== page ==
Microsoft, you lost me

by Volker Weber

I have been using Windows since version 1. I was around when you introduced Windows for Workgroups. I know a thing or two about networking. But I cannot figure out how to log into my ReadyNAS from Windows 8.1. I am pretty sure Google knows, but how the hell did you mess everything up with each new release?

Comments

Serious? Tried it with my ReadyNAS from Windows Server 2012R2 'cause I don't have 8.1:

Windows+'r' -> Run-Window

\\readynas-name + Enter

Comes up with username/password dialog.

Username: userx
Password: passx

Error as shown: local-pc-name\userx -> Username or password is wrong.

Second try.

Username: readynas-name\userx
Password: passx

Done. Maybe this works for you too.

Richard Kaufmann, 2015-01-10

Thank you. Yes, that did work.

Any idea how I am supposed to do it from the Modern UI or Explorer? Yes, I have been on the Mac with its convenient "Connect As" for more than 10 years now.

Volker Weber, 2015-01-10

The Aero UI is such a train wreck that I haven't used Windows since 8 was released. We're on 7 at the office (and will be for the foreseeable future) and MacOS is functional enough for me to work at home.

As with your experience, I found seemingly simple things made incredibly opaque with Aero.

Eric Hancock, 2015-01-10

...and the really funny thing, I should mention, is that *I write Windows software for a living.*

Eric Hancock, 2015-01-10

In Explorer adress bar entering \\readynas-name + Enter shows the available shares and asks immediately for credentials if I try to access one of them. As mentioned by Richard, entering the credentials with readynas-name\userx does the trick and there is a tickbox to store the credentials. Same for \\readynas-name\share-name + Enter.

Or like in the "good" old days you attach a drive letter to the ready nas share what also provides the credential field including "connect as"

Sven Semel, 2015-01-10

I assume you mean Windows Explorer, with that you can just enter
\\readynas-name
in the Windows Explorer address bar. Same thing as with the Run window.

Daniel Haferkorn, 2015-01-10

Thanks, Sven and Daniel. Looks like I wasn't specific enough.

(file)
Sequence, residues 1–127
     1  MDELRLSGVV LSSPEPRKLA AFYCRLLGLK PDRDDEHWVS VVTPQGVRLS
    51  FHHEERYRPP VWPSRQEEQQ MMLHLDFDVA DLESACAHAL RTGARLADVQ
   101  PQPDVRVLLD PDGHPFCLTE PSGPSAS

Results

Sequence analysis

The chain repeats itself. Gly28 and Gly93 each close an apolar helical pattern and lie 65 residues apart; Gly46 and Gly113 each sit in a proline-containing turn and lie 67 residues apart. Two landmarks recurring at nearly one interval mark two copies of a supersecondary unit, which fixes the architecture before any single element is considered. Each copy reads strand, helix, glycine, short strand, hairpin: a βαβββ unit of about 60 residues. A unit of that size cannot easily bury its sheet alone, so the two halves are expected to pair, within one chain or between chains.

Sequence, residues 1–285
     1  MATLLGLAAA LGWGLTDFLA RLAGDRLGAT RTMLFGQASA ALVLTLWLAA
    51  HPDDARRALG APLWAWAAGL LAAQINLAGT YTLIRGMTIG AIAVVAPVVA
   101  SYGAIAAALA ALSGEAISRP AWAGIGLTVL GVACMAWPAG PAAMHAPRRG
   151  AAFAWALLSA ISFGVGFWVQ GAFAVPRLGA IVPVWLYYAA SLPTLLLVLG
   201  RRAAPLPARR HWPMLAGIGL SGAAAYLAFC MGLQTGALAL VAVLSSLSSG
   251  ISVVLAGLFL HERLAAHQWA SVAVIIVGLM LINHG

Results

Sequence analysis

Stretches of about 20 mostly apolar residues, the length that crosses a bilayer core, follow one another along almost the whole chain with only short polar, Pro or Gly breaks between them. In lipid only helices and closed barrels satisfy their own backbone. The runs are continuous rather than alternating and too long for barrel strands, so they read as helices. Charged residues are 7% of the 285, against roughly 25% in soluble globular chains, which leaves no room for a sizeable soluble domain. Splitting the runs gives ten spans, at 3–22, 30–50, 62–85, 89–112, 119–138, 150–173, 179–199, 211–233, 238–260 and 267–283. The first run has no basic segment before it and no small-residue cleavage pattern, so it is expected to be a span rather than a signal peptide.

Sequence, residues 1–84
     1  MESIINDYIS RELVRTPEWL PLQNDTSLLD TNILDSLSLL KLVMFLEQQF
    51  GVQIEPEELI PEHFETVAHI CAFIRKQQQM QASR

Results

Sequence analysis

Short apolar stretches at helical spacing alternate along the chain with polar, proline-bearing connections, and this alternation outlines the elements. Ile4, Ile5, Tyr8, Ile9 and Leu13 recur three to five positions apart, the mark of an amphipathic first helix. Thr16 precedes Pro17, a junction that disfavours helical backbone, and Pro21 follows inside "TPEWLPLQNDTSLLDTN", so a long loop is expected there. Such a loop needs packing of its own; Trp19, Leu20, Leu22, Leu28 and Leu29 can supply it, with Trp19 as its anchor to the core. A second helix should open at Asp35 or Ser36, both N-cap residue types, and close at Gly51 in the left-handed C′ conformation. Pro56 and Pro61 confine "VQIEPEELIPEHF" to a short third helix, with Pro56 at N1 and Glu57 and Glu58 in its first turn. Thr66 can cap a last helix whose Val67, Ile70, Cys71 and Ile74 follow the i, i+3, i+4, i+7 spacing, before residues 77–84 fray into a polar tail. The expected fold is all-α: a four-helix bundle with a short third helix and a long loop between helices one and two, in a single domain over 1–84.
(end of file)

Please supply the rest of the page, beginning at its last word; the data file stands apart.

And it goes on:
When I am not logged in, I can see the server. When I open the icon, I am a guest user. How do I switch to an authenticated user. No \\.

Volker Weber, 2015-01-10

Quick fix is to attach a drive letter in Explorer. This provides the opportunity to connect with a different user.

But what about disabling guest access on the readynas for the relevant share? That would force Win 8 to ask for credentials.

Sven Semel, 2015-01-10

That would be wagging the dog.

Volker Weber, 2015-01-10

Oh sorry, I see your problem now. :)
But alas, I don't have anything else to offer that Sven hasn't already written.

Daniel Haferkorn, 2015-01-10

Sure Volker, just a suggestion ;-) So the drive letter solution seems to be the way to go. Not the most elegant way but hey that's Windows - who expects elegance there?

Sven Semel, 2015-01-10

You can use 'net use' by doing a 'net use \\readynas-name\share /dele' and then reattaching with 'net use \\readynas-name\share /user:username password'

Need to do this every day in the office; if there is an easier way let me know :-)

Gerhard Poul, 2015-01-11

Hallo Volker,

du kannst auch vorgeben das sich Windows bei dem NAS immer mit einem bestimmten Benutzer anmeldet dazu einfach:
In die "Benutzerkonten" gehen
"Eigene Anmeldeinformationen verwalten" auswählen
Windows Anmeldeinformatioen
Dort nun das ReadyNAS einträgen über Windows-Anmeldeinformationen hinzufügen

Beispiel:
\\ReadyNAS
Benutzername: ReadyNAS\admin
Passwort: passwort

Der Benutzer wird dann automatisch genommen wenn du dich am NAS verbindest.

Joachim Becker, 2015-01-12

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